“Our next step will be to use biochemical and biophysical approaches to characterize these individual genes’ functions to find those directly or indirectly related to cell-wall modification. Then we could use those genes to engineer new bioenergy crops, and test whether those changes improve the efficiency of converting biomass to biofuel,” Liu said.

Liu’s group also made some interesting observations about gene expression and gene location in their study of the acyl-modifying enzyme genes. “We discovered a few unique pairs of genes that were inversely overlapped with their neighboring genes on the genome,” Liu said. In this unique organization, the paired genes (sequences of DNA) produce protein-encoding segments (RNAs) that are complementary to one another — meaning the two RNA strands would stick to each other like highly specific Velcro. That would prevent the RNA from building its enzyme, so the expression of one gene in the pair appears to inhibit its partner.

Perhaps understanding this natural “anti-sense” regulation for gene expression will assist scientists in their attempts to regulate acyl-modifying enzyme levels.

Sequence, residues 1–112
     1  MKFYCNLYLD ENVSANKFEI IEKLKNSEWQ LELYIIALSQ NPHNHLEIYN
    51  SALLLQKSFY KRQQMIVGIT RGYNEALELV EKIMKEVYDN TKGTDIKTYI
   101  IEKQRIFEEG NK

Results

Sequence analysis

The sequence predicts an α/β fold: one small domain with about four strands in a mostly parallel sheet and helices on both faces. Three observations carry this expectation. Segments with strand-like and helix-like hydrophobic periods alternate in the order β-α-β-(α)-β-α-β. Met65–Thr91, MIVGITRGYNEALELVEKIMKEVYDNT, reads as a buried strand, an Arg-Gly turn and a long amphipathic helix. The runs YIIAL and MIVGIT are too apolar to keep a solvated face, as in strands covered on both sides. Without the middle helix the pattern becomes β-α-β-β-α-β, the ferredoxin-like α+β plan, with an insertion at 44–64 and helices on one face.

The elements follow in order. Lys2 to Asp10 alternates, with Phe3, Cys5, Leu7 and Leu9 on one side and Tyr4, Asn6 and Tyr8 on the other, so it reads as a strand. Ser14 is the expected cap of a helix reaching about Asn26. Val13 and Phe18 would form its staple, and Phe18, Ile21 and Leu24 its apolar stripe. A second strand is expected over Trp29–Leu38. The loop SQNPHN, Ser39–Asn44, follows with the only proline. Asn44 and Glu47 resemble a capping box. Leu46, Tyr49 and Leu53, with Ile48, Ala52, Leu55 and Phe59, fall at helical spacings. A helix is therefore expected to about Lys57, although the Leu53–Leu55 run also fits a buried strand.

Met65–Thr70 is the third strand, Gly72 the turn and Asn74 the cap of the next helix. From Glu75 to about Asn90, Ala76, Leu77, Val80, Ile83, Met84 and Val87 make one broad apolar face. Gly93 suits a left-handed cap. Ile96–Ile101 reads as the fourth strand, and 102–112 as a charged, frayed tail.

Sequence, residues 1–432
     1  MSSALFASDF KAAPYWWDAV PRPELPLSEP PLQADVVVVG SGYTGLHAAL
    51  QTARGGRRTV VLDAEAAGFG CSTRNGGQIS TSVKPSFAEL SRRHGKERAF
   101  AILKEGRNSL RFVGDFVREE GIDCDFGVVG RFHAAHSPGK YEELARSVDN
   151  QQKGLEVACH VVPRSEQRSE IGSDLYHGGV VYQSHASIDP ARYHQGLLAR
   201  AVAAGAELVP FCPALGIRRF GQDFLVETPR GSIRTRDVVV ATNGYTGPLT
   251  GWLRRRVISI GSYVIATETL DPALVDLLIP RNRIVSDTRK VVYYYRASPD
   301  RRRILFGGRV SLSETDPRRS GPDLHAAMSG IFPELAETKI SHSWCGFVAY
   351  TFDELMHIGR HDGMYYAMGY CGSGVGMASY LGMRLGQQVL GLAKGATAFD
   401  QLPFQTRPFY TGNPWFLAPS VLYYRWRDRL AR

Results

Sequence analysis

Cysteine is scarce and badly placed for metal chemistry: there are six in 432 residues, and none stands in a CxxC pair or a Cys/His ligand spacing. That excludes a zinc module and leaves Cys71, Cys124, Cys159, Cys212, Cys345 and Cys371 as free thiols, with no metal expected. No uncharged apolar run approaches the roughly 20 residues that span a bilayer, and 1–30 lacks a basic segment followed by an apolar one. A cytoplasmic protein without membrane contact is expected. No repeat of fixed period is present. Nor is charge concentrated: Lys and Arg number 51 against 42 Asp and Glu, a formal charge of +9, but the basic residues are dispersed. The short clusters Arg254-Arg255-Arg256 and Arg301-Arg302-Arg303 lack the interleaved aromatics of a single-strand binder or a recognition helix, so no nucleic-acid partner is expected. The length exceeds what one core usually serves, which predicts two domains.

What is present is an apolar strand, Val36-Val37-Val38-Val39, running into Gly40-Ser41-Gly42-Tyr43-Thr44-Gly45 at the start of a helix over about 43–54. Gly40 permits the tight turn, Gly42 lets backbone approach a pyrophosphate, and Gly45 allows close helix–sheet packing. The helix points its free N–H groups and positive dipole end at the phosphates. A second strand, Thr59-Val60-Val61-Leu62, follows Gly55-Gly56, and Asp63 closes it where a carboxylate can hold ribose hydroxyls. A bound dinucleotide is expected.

This work was supported by the DOE-Department of Agriculture joint Plant Feedstock Genomics program and by Brookhaven’s Laboratory Directed Research and Development program. Funding was also provided by DOE’s Office of Science. In addition to Liu, Xiao-Hong Yu, a former postdoctoral research associate, and Jinying Gou, a current postdoc, contributed to this work.

Karen McNulty Walsh | EurekAlert!
Further information:
http://www.bnl.gov
http://www.bnl.gov/bnlweb/pubaf/pr/PR_display.asp?prID=928

More articles from Life Sciences:

nachricht 'Y' a protein unicorn might matter in glaucoma
23.10.2017 | Georgia Institute of Technology

nachricht Microfluidics probe 'cholesterol' of the oil industry
23.10.2017 | Rice University

All articles from Life Sciences >>>

The most recent press releases about innovation >>>

Die letzten 5 Focus-News des innovations-reports im Überblick:

Im Focus: Salmonella as a tumour medication

HZI researchers developed a bacterial strain that can be used in cancer therapy

Salmonellae are dangerous pathogens that enter the body via contaminated food and can cause severe infections. But these bacteria are also known to target...

Im Focus: Neutron star merger directly observed for the first time

University of Maryland researchers contribute to historic detection of gravitational waves and light created by event